Beating the Stroke Odds to Carry on Family Tradition
“We have a very busy family and a very busy life, but we have a lot of fun,” said Elizabeth Goldasich, a mom of three boys. Their hectic schedule is often centered on sports: Husband Matt coaches their youngest son on the basketball team at Little Flower Catholic School; their middle son plays football at Sacred Heart-Griffin High School and their oldest son plays football at Illinois Wesleyan University.
But that active lifestyle came to a frightening halt in the winter of 2015. Elizabeth was at a booster club meeting when she developed a sudden, severe headache. When she rose from her chair to greet a friend, her knees buckled and she collapsed to the floor.
Quick, Specialized Stroke Care
She was referred to the Memorial Medical Center Comprehensive Stroke Center from another local hospital and was diagnosed with an aneurysmal subarachnoid hemorrhage—in other words, bleeding in her brain.
While members of the comprehensive stroke team worked to treat Elizabeth’s aneurysm, they noticed blood clots forming around her catheter. This meant that in addition to suffering a hemorrhagic stroke due to the aneurysm, she was also experiencing an ischemic stroke. This common type of stroke occurs when an artery becomes blocked by a blood clot.
Within seven minutes, the clot causing the secondary stroke had been removed. The team was then able to treat the aneurysm that spurred Elizabeth’s initial collapse.
Highest Level of Training
Neurointerventional radiologist Casey Muehle, MD, of Springfield-based Clinical Radiologists, said Memorial’s stroke certification means everyone who works with patients—physicians, nurses, technologists and ancillary staff—has the highest level of training. Memorial is one of only two Illinois hospitals outside the Chicago area to earn that designation.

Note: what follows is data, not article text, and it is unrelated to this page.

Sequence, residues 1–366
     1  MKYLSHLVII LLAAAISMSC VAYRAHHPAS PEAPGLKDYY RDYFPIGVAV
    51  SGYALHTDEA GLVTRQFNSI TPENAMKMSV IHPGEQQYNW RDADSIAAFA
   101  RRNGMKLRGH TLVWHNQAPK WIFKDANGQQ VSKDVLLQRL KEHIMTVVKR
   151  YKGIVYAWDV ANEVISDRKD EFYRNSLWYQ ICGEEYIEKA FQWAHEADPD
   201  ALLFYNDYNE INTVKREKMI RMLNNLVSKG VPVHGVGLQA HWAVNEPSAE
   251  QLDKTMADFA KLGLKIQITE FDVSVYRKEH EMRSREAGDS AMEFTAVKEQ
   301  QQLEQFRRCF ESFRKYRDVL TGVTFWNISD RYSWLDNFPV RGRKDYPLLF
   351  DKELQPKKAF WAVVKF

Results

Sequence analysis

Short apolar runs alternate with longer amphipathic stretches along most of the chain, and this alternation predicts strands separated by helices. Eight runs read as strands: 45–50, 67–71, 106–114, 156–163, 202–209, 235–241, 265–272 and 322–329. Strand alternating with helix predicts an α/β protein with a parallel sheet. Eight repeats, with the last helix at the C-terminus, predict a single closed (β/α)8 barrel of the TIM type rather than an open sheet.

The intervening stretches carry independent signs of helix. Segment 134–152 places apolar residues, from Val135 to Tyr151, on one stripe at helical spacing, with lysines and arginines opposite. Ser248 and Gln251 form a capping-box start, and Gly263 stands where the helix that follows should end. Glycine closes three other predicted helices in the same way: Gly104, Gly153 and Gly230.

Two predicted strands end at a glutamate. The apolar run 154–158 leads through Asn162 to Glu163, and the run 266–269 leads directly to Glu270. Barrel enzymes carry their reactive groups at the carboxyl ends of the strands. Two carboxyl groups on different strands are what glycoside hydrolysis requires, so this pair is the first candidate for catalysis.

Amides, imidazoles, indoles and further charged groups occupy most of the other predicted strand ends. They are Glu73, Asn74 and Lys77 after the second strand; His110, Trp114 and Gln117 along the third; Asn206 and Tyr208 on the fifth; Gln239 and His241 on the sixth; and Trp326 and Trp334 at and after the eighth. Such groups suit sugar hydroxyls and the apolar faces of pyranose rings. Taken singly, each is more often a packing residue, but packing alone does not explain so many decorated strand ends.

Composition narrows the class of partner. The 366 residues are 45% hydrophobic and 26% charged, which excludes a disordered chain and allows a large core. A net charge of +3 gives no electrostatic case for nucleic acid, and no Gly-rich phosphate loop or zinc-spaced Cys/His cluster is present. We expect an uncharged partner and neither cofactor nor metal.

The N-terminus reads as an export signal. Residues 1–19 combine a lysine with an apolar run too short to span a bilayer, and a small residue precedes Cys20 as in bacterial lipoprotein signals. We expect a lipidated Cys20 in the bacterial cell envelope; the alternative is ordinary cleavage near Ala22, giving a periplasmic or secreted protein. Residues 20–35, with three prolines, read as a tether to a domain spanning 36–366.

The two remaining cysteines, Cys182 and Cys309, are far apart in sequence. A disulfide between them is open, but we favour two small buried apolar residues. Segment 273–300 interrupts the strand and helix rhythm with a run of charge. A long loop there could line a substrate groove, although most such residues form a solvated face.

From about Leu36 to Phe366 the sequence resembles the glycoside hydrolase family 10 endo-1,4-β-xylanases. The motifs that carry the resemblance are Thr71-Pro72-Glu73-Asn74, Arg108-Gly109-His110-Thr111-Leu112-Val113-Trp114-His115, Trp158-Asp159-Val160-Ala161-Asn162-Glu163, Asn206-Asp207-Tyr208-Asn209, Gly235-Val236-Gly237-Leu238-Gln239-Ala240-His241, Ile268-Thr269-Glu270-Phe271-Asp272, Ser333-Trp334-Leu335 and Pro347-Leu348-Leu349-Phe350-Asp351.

“Together, we’re dedicated to providing rapid care to stroke patients around the clock,” Muehle said.
That expertise and rapid care were likely factors in saving Elizabeth’s life. Every second counts when treating a subarachnoid hemorrhage. Recent data indicates that between 10 and 15 percent of patients with this condition die before reaching a hospital, and even with emergency care, nearly half of all cases nationwide prove fatal. Survivors often suffer neurological impairment and face a long road to recovery.
Beating the Odds
But with the help of her care team, Elizabeth beat those odds. As she recovered, she had a single goal in sight: being able to carry on a family tradition by attending the annual Sacred Heart-Griffin Family Dance with two of her sons.
That goal helped sustain her as she recuperated from surgery and began rehabilitation. And her determination paid off. Photos from the night of the Family Dance show Elizabeth grinning proudly as she stands between her sons.
“I really focused on making sure that I was going to make it there,” she said. “And I did, and it was a great night.”